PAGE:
Mumbai/New Delhi: Passenger vehicle sales in India, Asia’s third largest automobile market, saw its first fall in nearly three years in July as expensive consumer credit held back potential buyers, prompting auto makers to cut production.
(HOW AUTO SALES GROWTH IS DIPPING) Sales volumes of cars and utility vehicles declined 1.44% from a year ago to 113,822 units in July, according to data from Society of Indian Automobile Manufacturers, or Siam. Sales in this category last fell in November 2005.
Some experts are paring their growth estimates for the industry.
Four out of eight analysts Mint spoke with, have lowered their growth estimates for the sector to an average 7% for the current fiscal from 9.5% earlier. The others have maintained their growth estimates for the period at around 8% on average.
On Monday, Mahindra and Mahindra Ltd, India’s biggest maker of sports utility vehicles, cut production at its Nashik plant in Maharashtra after the first drop in sales this year.
“Production has to be in line with demand,” said Pawan Goenka, president of the company’s automotive sector. “As the demand right now is somewhat slow, the production is also slow.”
With inflation at a 13-year high, a worried Reserve Bank of India has raised its benchmark interest rate three times in the past two months, prompting a 3-3.5% rise in lending rates for automobiles this year.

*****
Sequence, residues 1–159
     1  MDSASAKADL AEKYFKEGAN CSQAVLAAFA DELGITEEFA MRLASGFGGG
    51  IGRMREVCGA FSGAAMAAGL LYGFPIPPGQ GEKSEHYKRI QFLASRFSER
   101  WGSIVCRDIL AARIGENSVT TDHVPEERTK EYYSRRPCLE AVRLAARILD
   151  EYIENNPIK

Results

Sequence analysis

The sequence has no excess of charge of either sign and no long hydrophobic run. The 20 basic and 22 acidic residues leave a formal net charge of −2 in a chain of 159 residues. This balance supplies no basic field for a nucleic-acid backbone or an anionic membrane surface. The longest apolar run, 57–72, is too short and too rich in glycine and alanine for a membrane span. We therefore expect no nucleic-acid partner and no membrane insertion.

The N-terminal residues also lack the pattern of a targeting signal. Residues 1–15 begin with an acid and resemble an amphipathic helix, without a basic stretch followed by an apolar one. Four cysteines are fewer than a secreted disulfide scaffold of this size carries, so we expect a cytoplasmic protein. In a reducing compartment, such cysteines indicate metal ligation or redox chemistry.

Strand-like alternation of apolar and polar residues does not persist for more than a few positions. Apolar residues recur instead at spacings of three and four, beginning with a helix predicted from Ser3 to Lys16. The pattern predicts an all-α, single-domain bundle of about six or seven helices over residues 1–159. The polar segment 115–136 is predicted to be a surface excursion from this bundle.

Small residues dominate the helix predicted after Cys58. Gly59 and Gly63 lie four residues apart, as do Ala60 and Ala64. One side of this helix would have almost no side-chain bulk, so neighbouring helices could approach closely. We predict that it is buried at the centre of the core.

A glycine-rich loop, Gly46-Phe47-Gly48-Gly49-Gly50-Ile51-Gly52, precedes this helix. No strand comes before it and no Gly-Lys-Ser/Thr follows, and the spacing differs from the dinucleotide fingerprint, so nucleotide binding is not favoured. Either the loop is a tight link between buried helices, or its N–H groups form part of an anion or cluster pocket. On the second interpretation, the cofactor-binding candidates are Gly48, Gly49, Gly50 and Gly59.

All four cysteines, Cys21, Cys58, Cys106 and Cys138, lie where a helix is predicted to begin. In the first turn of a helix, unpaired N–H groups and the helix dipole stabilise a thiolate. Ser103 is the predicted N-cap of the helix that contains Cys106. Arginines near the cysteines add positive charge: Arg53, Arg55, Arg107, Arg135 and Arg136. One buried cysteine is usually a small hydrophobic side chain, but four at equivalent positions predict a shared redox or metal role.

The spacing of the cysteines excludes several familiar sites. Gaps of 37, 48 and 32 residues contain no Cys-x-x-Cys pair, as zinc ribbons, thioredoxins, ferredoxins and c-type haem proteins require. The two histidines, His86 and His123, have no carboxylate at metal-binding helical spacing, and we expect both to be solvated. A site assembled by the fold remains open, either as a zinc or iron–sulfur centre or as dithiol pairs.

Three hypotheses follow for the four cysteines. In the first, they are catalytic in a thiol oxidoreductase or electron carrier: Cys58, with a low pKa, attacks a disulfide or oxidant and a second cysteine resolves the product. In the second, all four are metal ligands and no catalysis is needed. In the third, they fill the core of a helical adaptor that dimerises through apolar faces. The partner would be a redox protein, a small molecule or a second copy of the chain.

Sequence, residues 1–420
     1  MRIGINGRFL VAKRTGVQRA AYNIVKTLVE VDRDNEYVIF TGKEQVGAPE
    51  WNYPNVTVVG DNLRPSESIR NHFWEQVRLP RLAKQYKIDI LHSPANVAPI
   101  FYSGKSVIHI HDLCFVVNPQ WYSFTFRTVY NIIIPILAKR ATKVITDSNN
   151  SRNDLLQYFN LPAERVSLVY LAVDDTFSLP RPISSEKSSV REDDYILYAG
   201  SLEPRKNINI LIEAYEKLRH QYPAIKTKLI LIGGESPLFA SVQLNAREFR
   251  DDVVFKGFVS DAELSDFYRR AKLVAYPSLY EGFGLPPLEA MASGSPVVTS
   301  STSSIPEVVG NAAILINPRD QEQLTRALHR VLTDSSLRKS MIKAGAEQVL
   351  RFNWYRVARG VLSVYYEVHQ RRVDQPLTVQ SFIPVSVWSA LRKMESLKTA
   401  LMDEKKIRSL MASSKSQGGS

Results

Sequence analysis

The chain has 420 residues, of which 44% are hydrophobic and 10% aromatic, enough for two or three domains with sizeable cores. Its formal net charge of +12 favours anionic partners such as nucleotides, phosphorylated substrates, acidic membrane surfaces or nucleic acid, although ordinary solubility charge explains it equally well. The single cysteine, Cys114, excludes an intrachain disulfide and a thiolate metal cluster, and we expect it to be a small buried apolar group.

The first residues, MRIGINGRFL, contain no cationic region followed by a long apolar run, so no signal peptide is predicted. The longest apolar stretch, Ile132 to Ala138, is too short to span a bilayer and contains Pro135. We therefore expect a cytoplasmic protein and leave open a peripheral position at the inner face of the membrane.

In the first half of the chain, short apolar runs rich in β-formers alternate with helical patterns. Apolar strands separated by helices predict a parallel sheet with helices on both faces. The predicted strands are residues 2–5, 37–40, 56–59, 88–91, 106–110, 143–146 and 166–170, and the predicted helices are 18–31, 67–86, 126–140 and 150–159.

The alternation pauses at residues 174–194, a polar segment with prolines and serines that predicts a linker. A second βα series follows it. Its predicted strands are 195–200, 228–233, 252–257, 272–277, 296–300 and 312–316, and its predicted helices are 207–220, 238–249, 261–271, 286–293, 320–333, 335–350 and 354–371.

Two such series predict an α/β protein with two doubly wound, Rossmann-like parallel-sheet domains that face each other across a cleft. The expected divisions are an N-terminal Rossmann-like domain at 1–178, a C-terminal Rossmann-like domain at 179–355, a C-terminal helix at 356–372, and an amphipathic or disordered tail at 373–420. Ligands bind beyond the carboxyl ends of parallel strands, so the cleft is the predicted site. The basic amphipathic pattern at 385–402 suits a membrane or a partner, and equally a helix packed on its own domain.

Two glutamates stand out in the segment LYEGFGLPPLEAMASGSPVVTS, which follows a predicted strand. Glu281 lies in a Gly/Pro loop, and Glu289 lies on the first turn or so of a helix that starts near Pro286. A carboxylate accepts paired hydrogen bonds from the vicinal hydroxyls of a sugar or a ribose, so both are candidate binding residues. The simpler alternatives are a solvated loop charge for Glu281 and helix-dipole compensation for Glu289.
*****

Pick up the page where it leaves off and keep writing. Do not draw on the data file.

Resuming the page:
“The dip (in car sales) was not unexpected,” said S. Ramnath, vice-president at brokerage IDFC-SSKI Securities Ltd. “July and this month (August) are generally flat months due to the monsoons. Plus, there is the interest rate impact.”
About 75% of India’s passenger vehicles and just above 50% of two-wheelers are financed by banks and other financiers.
“A lot depends on monetary policy and availability of finance,” said Dilip Chenoy, director general, Siam. “We believe this to be temporary and hope in future months passenger car sales are positive.”
Mahantesh Sabarad, an analyst with Centrum Broking Pvt. Ltd, is also optimistic for the sector and expects the passenger car segment to clock a 10% growth by the year-end. “July was a blip, because sales were pushed by means of discounts and freebies in the first three months,” he said. “We expect sales to perk up with the onset of the festive season and new model launches lined up for the year.”
“Another round of price hikes by the manufacturers is unavoidable as they need to mitigate losses,” said Hitesh Kuvelkar, head of research at First Global Securities Ltd. “This will certainly dampen demand. We were expecting all the macroeconomic factors to take toll on the numbers.” Kuvelkar’s estimate of 5% growth is the lowest among all analysts polled by Mint.
“While we haven’t downgraded our estimates for the passenger car segment, we have done it for the medium and heavy commercial vehicle segment,” he said. “We expected the segment to have a runaway growth of 16%. It has so far grown only by 8%.”
Still, sales in two-wheelers, the largest automobile category, grew 19% in July, as volumes continued to expand following a 12% contraction last year. Hero Honda Motors Ltd, which sells half the motorcycles made in the country, led the increase with a 40% growth in July.
Commercial vehicle sales grew just under 2% as buyers kept away because of higher interest rates. Almost all vehicles in this category are financed.
Vipin V. Nair of Bloomberg contributed to this story.